1.To me, the pastoral past has an incredibly strong case for being Utopian. Mostly, as we heard in the lecture, due to its rhythmic and cyclical nature. Cycles through life in a pastoral system were very strongly regimented by the changing of the seasons and the behavior of the climate. There was not much in the way of arguing with a force of nature, and thus all had to obey, or potentially face dire consequences. But this was not all so sinister. This lead to a simple, yet strict cycle of the harvest. When to plant, when to tend, when to harvest, and when to rest. This resulted in some of the first holidays centered around the changing of the seasons. Even some mythical deities (Hecate, Pan, Cernunnos) would transform with the seasons; being reborn in the spring, then growing old and dying in the winter. With a cyclical nature in mind, eventually one may find themselves falling into a steady rhythm of life. Without time for much in the way of deviant behavior, everyone would simply follow the expectations life had set for them. This would become, by definition, a utopia in every sense of the term. 2. I wholeheartedly prefer fantasy over science fiction. I hadn't considered it before this lecture, but the Utopian Impulses when it comes to time play a large part in it. Personally, I love the fantastic elements of wonder at a life with an alternate history, or a world in which the addition of a new force like magic could make the world better. Fantasizing about how the world could be a better place from more humbler beginnings makes me happy, so why not seek out more happiness? I have nothing against science fiction per se, but It is certainly not my preferred form of entertainment. While imagining a world far ahead of us is certainly a goal I admire, I find the over-saturation of technology to be very cold. My tastes incline me more to the magical and natural worlds rather than the far reaches of outer space.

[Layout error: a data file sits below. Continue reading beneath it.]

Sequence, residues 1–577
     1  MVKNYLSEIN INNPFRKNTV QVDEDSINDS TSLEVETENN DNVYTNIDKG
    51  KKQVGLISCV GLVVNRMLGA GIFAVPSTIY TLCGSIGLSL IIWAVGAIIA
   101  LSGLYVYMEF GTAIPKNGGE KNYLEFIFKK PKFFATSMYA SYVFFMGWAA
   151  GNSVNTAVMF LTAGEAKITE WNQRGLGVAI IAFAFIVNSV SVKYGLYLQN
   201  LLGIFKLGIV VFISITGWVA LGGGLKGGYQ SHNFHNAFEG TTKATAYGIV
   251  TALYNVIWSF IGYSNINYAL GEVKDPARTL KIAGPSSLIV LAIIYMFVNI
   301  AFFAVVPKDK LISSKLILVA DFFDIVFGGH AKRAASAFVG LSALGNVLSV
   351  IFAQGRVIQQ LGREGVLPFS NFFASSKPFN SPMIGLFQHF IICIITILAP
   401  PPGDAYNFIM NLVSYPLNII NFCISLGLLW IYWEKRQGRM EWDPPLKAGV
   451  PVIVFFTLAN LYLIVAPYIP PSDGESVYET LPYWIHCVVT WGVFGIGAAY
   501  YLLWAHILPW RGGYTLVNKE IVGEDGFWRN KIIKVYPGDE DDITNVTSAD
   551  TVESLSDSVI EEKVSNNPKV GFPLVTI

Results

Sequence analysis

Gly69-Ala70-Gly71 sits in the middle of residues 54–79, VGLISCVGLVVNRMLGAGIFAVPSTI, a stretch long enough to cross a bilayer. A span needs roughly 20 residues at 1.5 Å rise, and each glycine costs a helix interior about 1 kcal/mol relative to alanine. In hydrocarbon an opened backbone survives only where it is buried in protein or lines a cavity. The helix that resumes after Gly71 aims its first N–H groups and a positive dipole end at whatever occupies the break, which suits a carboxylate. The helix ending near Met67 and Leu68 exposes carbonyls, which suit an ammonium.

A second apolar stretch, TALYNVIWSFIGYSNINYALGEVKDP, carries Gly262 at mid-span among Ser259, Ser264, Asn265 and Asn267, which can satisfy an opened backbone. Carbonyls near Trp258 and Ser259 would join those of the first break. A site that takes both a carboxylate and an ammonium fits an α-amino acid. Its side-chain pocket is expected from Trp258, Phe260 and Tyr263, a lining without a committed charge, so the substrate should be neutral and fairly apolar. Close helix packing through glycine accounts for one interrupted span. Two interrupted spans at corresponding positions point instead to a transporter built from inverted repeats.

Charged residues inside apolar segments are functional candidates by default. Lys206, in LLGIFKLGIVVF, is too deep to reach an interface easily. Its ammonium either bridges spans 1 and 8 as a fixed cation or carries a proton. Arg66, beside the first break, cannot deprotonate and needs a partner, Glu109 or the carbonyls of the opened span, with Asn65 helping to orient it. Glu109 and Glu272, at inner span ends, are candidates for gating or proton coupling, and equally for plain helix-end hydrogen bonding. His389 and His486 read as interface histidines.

I would, however, like to propose a compromise between the two genres: the Urban-Fantasy. Urban fantasy is defined as an element of a plot or setting, as well as a genre. Many stories can belong to a particular genre while still possessing urban fantasy elements. For example: Jim Butcher's "Dresden Files" series is often called the quintessential Urban-Fantasy series. Other stories include supernatural of fantastic elements as only part of their story, like how "Twilight" is (for all its faults) a story focused on romance, not on the logistics of how vampires and werewolves exist in a modern setting. I feel there is a Utopian Impulse here in a way, in that the genre imagines a world in which the impulses of the pastoral past in fantasy moved on and evolved with time. One could even say this is a marriage of the two genres into something closer to science-fantasy. Simultaneously nostalgic for a time long past, while also looking to the future for how these elements will continue to live on.